For nearly four hundred years many maps of Asia, and particularly India and Southeast Asia, depicted an enormous lake far to the northeast of the Bay of Bengal. This lake, alternately called Chiamay, Chiam-may, Chian-nay, or Cayamay, is postulated to be the source of four to five of the great Southeast Asian river systems, the Irrawaddy, the Dharla, the Chao Phraya, the Bramaputra, and the Mekong. Today we know that the Lago de Chiamay is entirely non-existent, but where did this persistent myth come from?
The earliest reference to the Lago de Chiamay that we have been able to come across is the c. 1550 geographical study produced by Jao de Barros. Barros, who is not known to have traveled to the orient himself, compiled his geography from reports from Portugese explorers in the region, who themselves no doubt extracted many of their ideas about the remote interior of Asia from indigenous authorities. His most likely source for our purposes is most likely Fernao Mendez Pinto. Today the Barros geography is unfortunately lost, but some of its commentary survives via G. B. Ramusio and his 1554 edition of “Navigationi et viaggi”. While some have argued that Ramusio could not have possibly have had access to Barros’ commentary, as it had not been published at the time, Ramusio himself provides clear reference that he did in fact have an unpublished Barros manuscript. Ramusio includes several maps in his “Navigationi et viaggi” that were drawn around 1550 and depict the Lago.
Fernao Mendez Pinto, Barros most likely source and the lake’s supposed “discoverer”, is the only European who claims to have visited the lake itself. Pinto apparently discovered the lake in 1744. Generally speaking, while Barros was well respected in his day, Pinto is considered an unreliable geographer at best and at worse has been dubbed the “prince of fiction”. Why this is the case when he was without a doubt actually in Siam, may be explainable when his own sources are evaluated. Pinto may have heard about the lake in the Royal Court of Siam, one of the kings of which is said to have invaded Chiamay and captured many cities around it.
That Pinto derived much of his geography from local sources is highly likely. What he and his readers back in Europe may not have counted on is the presence of a mythical and semi-mythical Hindu-Buddhist geography overlaying the actual geography. Hindu and related Buddhist mythology consider Lake Manasarovar and Lake Rakshastal, in modern day Tibet, to be the spiritual source of four religiously and geographically important subcontinent rivers, the Brahmaputra, the Karnali, the Indus and the Sutlej. As the Hindu-Buddhist culture expanded into southeast Asia, these four rivers and their source lake were reassociated with local rivers such as the Irrawaddy, the Dharla, the Mekong, and the Chao Phraya.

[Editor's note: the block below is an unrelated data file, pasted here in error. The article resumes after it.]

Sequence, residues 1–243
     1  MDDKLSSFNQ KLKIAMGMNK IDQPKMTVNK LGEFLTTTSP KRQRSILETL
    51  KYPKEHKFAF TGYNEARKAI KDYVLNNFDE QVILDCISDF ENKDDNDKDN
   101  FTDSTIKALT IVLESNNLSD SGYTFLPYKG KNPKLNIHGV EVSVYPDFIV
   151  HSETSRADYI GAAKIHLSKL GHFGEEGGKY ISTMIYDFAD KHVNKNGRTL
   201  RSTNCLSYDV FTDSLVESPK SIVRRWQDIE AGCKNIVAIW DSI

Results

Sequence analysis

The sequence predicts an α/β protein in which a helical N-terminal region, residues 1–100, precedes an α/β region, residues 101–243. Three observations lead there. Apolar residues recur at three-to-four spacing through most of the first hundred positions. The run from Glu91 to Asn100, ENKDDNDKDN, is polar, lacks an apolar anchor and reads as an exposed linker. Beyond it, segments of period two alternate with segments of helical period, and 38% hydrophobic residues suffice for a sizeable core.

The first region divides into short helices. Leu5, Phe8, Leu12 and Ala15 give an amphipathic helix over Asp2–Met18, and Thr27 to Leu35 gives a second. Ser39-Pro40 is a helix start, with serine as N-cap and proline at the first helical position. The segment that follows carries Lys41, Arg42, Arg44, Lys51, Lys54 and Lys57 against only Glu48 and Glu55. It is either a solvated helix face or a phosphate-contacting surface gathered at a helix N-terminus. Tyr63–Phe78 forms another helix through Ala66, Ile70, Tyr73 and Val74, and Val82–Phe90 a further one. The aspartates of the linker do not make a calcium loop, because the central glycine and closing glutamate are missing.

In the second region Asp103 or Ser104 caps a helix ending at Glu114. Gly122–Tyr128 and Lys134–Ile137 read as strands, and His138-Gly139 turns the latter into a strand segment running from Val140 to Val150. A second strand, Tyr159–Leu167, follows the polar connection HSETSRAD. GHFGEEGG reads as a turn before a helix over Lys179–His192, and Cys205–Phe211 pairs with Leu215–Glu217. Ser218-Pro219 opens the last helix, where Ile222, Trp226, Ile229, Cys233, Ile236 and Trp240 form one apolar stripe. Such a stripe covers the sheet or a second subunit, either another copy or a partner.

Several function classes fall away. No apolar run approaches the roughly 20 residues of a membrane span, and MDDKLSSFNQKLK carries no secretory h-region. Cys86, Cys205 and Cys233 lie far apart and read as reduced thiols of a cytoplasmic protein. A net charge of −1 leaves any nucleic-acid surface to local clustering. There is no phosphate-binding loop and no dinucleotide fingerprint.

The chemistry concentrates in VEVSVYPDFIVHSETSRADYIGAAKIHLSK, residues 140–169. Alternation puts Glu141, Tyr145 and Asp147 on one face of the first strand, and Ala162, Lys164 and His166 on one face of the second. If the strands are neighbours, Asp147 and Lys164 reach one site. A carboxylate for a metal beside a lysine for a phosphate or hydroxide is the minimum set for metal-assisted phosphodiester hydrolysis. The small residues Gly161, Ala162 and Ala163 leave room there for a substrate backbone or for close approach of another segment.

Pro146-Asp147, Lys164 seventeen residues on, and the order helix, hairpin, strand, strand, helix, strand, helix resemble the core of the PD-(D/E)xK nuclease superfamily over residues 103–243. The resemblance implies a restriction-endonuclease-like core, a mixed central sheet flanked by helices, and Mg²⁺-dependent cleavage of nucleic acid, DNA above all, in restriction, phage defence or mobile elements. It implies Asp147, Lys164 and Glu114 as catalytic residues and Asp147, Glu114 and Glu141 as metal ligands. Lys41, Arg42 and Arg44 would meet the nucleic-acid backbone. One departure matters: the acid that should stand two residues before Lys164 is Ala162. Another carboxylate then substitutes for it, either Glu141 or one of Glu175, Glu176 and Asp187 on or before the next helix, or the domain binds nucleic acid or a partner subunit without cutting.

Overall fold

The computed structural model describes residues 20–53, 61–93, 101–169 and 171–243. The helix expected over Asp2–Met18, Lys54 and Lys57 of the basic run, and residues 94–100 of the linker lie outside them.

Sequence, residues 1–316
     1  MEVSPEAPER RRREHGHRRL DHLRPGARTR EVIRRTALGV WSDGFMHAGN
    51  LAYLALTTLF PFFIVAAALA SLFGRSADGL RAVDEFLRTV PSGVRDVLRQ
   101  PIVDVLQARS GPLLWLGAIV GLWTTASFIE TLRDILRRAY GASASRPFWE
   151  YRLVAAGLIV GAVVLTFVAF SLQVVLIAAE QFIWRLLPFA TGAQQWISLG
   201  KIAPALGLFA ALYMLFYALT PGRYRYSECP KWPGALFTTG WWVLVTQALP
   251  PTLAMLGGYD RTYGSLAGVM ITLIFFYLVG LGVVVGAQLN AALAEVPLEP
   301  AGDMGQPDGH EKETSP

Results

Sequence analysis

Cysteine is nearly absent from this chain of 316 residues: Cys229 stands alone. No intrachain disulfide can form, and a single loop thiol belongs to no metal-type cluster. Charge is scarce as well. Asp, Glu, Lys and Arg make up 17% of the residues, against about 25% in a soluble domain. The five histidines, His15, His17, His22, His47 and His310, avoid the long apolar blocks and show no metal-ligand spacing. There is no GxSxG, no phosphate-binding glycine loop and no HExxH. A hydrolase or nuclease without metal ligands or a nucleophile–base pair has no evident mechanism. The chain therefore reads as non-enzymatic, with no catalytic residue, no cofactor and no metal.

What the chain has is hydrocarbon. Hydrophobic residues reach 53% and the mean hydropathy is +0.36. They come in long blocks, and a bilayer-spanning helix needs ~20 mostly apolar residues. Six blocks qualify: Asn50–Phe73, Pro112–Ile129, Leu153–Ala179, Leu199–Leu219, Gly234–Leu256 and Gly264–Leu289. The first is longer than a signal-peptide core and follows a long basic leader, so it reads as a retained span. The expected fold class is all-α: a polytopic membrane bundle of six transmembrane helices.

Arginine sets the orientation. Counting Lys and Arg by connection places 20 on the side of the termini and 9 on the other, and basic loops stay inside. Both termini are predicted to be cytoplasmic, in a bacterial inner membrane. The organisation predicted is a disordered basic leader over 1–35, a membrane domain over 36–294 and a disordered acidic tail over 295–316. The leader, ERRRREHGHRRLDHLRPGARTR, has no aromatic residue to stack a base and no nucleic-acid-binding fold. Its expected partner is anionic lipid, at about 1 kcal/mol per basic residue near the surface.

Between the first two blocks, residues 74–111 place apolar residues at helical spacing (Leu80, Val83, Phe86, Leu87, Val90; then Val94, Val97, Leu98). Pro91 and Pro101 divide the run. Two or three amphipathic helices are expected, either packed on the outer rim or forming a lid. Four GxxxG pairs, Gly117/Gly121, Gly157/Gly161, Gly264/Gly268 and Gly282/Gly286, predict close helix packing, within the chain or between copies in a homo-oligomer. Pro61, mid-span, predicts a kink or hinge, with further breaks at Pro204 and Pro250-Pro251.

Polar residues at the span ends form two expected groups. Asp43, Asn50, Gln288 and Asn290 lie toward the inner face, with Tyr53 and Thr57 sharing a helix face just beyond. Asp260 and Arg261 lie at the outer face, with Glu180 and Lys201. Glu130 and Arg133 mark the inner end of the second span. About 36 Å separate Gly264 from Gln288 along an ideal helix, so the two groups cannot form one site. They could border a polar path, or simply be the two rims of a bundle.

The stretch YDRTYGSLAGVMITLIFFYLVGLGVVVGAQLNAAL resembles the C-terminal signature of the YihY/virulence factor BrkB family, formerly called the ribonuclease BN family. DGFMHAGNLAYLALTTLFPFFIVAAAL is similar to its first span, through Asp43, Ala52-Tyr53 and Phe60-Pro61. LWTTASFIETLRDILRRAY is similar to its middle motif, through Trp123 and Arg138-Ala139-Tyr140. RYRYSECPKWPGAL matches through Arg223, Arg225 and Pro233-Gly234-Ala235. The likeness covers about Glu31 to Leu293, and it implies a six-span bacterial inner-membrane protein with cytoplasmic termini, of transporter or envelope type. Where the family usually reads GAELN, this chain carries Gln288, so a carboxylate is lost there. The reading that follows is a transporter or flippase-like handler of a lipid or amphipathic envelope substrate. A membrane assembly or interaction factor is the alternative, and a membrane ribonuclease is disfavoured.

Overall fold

From a European perspective, associating these rivers systems with one another and with a single source is an almost natural assumption. All five rivers bear a great deal of similarity. That is, all seem to originate from roughly the same area, all flow along roughly parallel courses, and all have enormous fluvial volume. Associating a great lake with said source is equally natural. Given the size and orientation of these river systems, one naturally speculates that the source lake itself must be enormous. Such speculation was not uncommon for map makers working in the 18th century and earlier. Cartographers, who rarely traveled the world themselves, had the difficult job of piecing together and interpreting various vague and often contradictory traveler’s accounts as well as reconciling such new information with accepted mappings.
Whatever the original source for the Lago de Chiamay may have been, it begins appearing on maps as early as the Gastaldi map of 1550 (though some speculate that this map was actually drawn a few years earlier). The Lago was embraced by Ortelius in his c. 1570 mappings of Asia and was eventually associated with various hopeful fantasies of a river passage through central Asia to the North Sea. Almost all subsequent mappings until the late 18th century included the Lago de Chiamay in various forms. Later, as explorers began to penetrate the region with greater regularity, Chiamatwas at various point associated with any lake discovered in the area, including Koko Nor (Qinghai Lake) in China and the actual Lake Manasarovar in Tibet. By the late 18th century the lake had moved far west of its original location and been reduced to a fraction of its original size. By the 19th century, it disappeared entirely.
The source of the name itself, “Chiamay” may be derived from Pinto’s original discovery of the lake in the records at the Royal court in Siam. Pinto was told of a royal raid to conquer and claim Chiang Mai, once the Capital of the Lanna Kingdom.
Sven Hedin discusses this lake and its origins in great detail in his fascinating and well researched 1919 article, “Early European Knowledge of Tibet”.
REF: Hedin, Sven, “Early European Knowledge of Tibet”, Geografiska Annaler, Vol. 1 (1919), pp. 290-339. Carpentier, Jarl, Some Additional Remarks on Vol. 1 of Dr. Sven Hedin’s ‘Southern Tibet’, Geografiska Annaler, Vol. 1 (1919), pp. 269-289